you’re home late one night
sitting on the couch
and you’ve had a stressful day
and you don’t have a plan for the evening
but you jump in the car
and you drive down the street
to your local seven eleven
where the nice man
behind the counter asks you
what he can get you
and you say
can i get a pack
and he reaches for the box
and he sets them on the counter
and maybe he asks to see your i.d.
and you grab a white lighter
and he rings you up
as across the register screen flashes
unless of course
you are a camel person
in which case you see
CAMEL 5.39
if you smoke turkish royales
because everyone knows
those are the best
and you sit in your car
and you roll down the window
and you smack that pack
of cigarettes against the dashboard
and you smack and you smack
packing those cigarettes
in ritual
beautiful american ritual
and you undo that gold string
like you are undressing
a beautiful hooker
and you open the lid
and you pull off the front wrapper
and you blow on the nicotine sawdust
and there before you
are twenty
white cigarettes
and you take one out
and you flip it over
and that’s your lucky cigarette
and you take that lighter
and you use your car key
and you rip off the safety
and you stick the cigarette
into your mouth
and you turn on your car
and you roll down the window
and you take in
the very first puff
of a pack
of twenty cigarettes
as the little bit of wrapper
with nothing in it burns
and there is fire
at your beg and call
at the end of
your cigarette
and you hold the smoke
in your lungs
and you let it out
and a cloud of white
sneaks past your lips
and out the window
into the night
that doesn’t feel so lonely now
and you put the car in reverse
and the window is down still
and the wind blows
and you put the car into drive
and you’re driving back home
and you’re taking another drag
and you let it out
and watch it roll out the window
behind you
out into the world around you
and at the stop light
you don’t look over
but the car beside you
has no choice
but to note
that you are smoking
and you turn your stereo up
just a little
and you feel like a bad ass
and the light turns green
and cigarette-in-mouth
you take off
a little faster
than the cars around you
and you get to your place
before you finish your cigarette
so you sit for a minute
you and the radio
and you watch
as the paper wanes
if there’s words on the side
as the words burn away
you make something disappear
and you feel the buzz
your headache is gone
you are lighter
a little bit dizzy
a little bit high
you care a little less
you eat your stress
and it burns a little more
and it burns a little more
until you’re left with
the butt of a cigarette
and you throw it on the ground
and you grind it with your foot
and you are a little taller
your pocket filled with a box
of nineteen more cigarettes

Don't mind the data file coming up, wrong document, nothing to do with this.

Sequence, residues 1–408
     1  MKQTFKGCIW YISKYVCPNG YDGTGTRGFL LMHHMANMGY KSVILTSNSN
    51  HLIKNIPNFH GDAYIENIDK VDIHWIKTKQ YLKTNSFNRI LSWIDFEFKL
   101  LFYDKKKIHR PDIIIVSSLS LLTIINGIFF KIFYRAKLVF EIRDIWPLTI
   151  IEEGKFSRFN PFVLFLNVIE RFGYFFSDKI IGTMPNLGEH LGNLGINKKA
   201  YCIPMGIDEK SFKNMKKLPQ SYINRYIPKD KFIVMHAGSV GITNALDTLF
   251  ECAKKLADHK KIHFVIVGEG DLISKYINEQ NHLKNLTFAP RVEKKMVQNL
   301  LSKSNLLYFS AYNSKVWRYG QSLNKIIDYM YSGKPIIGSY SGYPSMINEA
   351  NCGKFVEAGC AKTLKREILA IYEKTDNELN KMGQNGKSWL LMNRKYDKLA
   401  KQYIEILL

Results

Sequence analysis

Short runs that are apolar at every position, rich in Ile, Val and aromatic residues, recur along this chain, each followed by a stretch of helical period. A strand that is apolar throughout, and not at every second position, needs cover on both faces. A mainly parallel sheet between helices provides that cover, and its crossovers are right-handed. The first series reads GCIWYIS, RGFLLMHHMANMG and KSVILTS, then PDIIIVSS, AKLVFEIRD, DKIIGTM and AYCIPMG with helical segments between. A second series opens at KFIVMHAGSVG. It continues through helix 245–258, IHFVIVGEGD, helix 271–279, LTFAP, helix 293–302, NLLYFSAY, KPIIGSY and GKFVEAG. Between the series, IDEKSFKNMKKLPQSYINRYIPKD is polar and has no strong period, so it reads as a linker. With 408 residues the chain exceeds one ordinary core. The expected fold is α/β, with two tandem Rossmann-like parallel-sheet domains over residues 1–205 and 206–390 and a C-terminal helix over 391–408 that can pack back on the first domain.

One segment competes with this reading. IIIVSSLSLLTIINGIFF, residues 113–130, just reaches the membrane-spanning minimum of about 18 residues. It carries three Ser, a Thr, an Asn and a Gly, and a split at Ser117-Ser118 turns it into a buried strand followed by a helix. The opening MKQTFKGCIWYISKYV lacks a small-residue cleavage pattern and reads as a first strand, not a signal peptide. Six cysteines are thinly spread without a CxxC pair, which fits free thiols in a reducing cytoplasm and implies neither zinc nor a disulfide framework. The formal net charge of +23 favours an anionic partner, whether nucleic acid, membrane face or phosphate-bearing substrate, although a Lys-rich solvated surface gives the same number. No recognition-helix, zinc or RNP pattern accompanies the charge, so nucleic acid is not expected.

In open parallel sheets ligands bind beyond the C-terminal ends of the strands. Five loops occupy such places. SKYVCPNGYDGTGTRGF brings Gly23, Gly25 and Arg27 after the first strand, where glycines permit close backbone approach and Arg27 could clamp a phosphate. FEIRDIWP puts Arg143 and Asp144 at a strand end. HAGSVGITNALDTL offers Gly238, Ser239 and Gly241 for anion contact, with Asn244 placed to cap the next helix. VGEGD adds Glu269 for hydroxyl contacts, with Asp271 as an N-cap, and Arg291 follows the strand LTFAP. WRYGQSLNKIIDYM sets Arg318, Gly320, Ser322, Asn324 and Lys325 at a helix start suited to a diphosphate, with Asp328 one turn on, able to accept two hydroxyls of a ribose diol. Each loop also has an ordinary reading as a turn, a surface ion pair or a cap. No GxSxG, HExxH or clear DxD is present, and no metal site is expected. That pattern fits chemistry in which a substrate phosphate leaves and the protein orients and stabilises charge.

and you think to yourself
i’ll do this again sometime
and maybe you do
and either way
you’re right back on your couch
right where you were before



Author: brice maiurro

Denver poet. Author of Stupid Flowers, out now through Punch Drunk Press.

19 thoughts on “CIGARETTE”

  1. I used to smoke, so I can relate to this. Reminds me of a time when my husband was traveling by Greyhound somewhere in America and his mate rolled his own. A guy by them watched with big eyes and then said ‘Man, that’s sooo cool. It was late sixties, early seventies, and the guy obviously thought he was smoking weed

  2. If there is anything I could do again without concern for my health, it would be smoke, God I miss it, its been six years since my last one. There is absolutely nothing like the first intake of that heated heavy catch at the back of your throat upon inhale and the release of all your worries on exhale.
    A smoke and a cold beer.
    Now I want one. Dammit.

      1. I dont want to die, plain and simple. I have had acute asthma and was lucky to get through the 7 odd years I did smoke, I almost feel like a ticking time bomb, waiting to see if the damaged I caused is catching up with me.
        I smoke vicariously through my writing, always time for a good cigarette there in my short stories 🙂

      2. That’s a good way to look at it. I don’t really smoke, just a cigarette ever few months on a drunken night. Ill have to check out one of these short stories of yours. What do you recommend I read?

  3. REPLY
    I wanted to desperately capture my youth
    so i caught up on all those
    butts lying about
    stuffed into a diet coke can
    or just dropped by the side of the bed
    still lit
    that i use the mode of ‘cigarette’
    every time i write a poem
    for the fact that
    i have nothing else in my head
    ‘to be rather than to seem’
    i’ll be nothing
    “when my cigarette is finished”
    i was upset with my status
    i was pacing the tiny studio i resided in
    the pet hair and ash lined everything
    then i realized
    i’ve nothing other than the predictable
    and the two perfect lines
    faltering not
    ever unable to get that first cigarette out
    no fingernails to mention
    struggling, swearing at
    the tremor of a long-time-speed-habit
    i need this drug
    and it makes me unpleasant
    waiting in a group in said bar
    for the opportunity
    to step outside for the
    predictable sidewalk waltz
    pall mall reds
    and me
    and vonnegut
    writing that letter of satire
    america is shit
    we are all convinced
    that the next drag
    is not entirely my own
    i drive my truck like an old lady
    that forgot to be
    a young lady.

  4. I enjoyed the build-up of this piece. I was anticipating what was coming next with each line.

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